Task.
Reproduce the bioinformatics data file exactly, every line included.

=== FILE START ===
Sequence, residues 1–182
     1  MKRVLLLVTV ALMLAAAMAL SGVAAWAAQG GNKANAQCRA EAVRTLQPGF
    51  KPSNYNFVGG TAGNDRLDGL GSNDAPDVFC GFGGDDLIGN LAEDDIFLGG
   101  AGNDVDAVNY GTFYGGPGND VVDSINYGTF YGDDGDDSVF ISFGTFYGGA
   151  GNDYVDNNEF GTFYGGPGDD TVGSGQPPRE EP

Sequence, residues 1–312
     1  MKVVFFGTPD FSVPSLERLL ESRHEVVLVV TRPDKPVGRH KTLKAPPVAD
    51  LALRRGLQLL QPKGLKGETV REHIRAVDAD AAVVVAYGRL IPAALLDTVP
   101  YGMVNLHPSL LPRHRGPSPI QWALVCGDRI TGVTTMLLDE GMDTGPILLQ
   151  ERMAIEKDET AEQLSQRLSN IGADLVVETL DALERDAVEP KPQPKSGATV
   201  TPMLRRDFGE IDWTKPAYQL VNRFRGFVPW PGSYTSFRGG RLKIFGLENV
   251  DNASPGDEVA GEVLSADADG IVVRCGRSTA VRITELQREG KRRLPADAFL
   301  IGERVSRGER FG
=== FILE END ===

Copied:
Sequence, residues 1–182
     1  MKRVLLLVTV ALMLAAAMAL SGVAAWAAQG GNKANAQCRA EAVRTLQPGF
    51  KPSNYNFVGG TAGNDRLDGL GSNDAPDVFC GFGGDDLIGN LAEDDIFLGG
   101  AGNDVDAVNY GTFYGGPGND VVDSINYGTF YGDDGDDSVF ISFGTFYGGA
   151  GNDYVDNNEF GTFYGGPGDD TVGSGQPPRE EP

Sequence, residues 1–312
     1  MKVVFFGTPD FSVPSLERLL ESRHEVVLVV TRPDKPVGRH KTLKAPPVAD
    51  LALRRGLQLL QPKGLKGETV REHIRAVDAD AAVVVAYGRL IPAALLDTVP
   101  YGMVNLHPSL LPRHRGPSPI QWALVCGDRI TGVTTMLLDE GMDTGPILLQ
   151  ERMAIEKDET AEQLSQRLSN IGADLVVETL DALERDAVEP KPQPKSGATV
   201  TPMLRRDFGE IDWTKPAYQL VNRFRGFVPW PGSYTSFRGG RLKIFGLENV
   251  DNASPGDEVA GEVLSADADG IVVRCGRSTA VRITELQREG KRRLPADAFL
   301  IGERVSRGER FG